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Talisman Energy sells B.C. coal field to Xstrata for $500-million

President and CEO of Talisman Energy, John Manzoni, addresses the media following the company's annual meeting in Calgary, Wednesday, May 5, 2010. THE CANADIAN PRESS/Jeff McIntosh

Jeff McIntosh/THE CANADIAN PRESS

Talisman Energy Inc. has agreed to sell a B.C. coal deposit to Xstrata PLC for $500-million (U.S.) in cash to raise money and shed operations that are unrelated to its core business, oil and gas.

The Canadian energy producer is selling the 20,000-acre Sukunka property in the northeast part of the province, Calgary-based Talisman said on Thursday. It expects the sale to Switzerland-based Xstrata to close this month.

Talisman and other natural-gas producers in North America are selling units or scaling back investments to cover a cash shortage as gas prices trade at a 10-year low. The company has said previously that it planned to sell between $1-billion and $2-billion in assets this year in what it called "non-core" businesses.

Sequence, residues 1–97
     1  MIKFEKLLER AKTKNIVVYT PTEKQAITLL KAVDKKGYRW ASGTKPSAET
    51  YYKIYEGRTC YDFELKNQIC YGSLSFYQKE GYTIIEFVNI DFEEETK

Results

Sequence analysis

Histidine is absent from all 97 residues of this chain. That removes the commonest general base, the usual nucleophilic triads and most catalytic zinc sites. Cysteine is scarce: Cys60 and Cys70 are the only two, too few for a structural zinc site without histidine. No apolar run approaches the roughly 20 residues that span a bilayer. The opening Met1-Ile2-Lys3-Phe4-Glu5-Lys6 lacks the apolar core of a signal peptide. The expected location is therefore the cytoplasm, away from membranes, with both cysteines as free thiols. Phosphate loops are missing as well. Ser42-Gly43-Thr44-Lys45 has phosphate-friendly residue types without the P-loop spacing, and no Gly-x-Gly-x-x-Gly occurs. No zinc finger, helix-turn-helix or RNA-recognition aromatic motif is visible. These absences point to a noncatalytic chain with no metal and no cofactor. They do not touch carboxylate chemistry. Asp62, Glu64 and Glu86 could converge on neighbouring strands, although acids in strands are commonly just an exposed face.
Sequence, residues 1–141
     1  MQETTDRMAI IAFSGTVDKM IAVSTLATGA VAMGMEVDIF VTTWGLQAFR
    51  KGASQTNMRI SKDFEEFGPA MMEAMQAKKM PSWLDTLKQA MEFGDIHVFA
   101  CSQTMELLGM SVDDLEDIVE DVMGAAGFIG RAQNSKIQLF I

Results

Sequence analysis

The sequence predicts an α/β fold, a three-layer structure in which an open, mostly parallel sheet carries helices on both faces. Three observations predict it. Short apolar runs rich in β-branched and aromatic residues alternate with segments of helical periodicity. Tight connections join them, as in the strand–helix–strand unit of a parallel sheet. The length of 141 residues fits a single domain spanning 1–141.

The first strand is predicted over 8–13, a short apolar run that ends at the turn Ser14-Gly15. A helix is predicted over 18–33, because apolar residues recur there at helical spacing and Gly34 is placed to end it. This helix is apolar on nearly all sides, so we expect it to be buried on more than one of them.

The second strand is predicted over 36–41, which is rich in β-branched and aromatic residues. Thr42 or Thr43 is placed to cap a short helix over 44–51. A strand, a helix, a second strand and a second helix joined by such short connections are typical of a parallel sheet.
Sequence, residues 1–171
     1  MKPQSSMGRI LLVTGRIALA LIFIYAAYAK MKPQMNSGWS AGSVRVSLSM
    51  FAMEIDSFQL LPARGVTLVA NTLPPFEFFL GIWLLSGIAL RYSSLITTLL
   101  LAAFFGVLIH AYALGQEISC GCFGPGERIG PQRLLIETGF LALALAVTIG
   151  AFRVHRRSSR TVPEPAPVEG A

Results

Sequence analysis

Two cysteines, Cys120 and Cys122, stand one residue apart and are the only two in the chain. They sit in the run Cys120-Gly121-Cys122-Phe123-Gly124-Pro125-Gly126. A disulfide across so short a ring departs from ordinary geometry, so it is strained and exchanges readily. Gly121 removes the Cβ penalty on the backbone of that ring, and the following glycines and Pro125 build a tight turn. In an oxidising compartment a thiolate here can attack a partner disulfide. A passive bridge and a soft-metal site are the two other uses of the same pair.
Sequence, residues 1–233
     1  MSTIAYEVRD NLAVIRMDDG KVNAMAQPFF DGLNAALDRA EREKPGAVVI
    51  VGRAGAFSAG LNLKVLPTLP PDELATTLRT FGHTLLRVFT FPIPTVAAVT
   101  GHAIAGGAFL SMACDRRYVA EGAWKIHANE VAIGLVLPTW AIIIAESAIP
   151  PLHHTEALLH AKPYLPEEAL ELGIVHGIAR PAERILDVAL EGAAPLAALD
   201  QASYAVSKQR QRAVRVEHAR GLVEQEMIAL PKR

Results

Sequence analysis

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"The proceeds were at the higher end of our expected range of $300-million to $500-million, putting the company well on its way to its target," Andrew Potter, an analyst at CIBC World Markets Inc. in Calgary, said in a note to clients. "Talisman Energy monetized its coal lease for approximately 4 per cent of its market cap – a meaningful contribution for an asset that nobody had placed value on."

Sukunka is in the Peace River Coalfield and adjacent to Xstrata's First Coal Corp. and Lossan reserves. Xstrata is the world's biggest exporter of thermal coal used in power stations, and the deposits at Sukunka are hard-coking coal used in steel-making.

"This is in keeping with our strategic objective to focus Talisman's portfolio on material, core assets," Paul Smith, Talisman's executive vice-president of North American operations, said in a statement. "Unlocking the value from the divestment of this coal property will provide funds to support the objectives announced in our 2012 guidance."

Bank of America Merrill Lynch advised Talisman on the disposal.





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About the Author
Investment Reporter

Nicolas Johnson has covered global finance, markets and investing since 1998. He joined The Globe and Mail in 2011. He has worked as a reporter and editor with Bloomberg News in Paris and Tokyo, and also worked briefly in emerging-market debt at Société Générale. More

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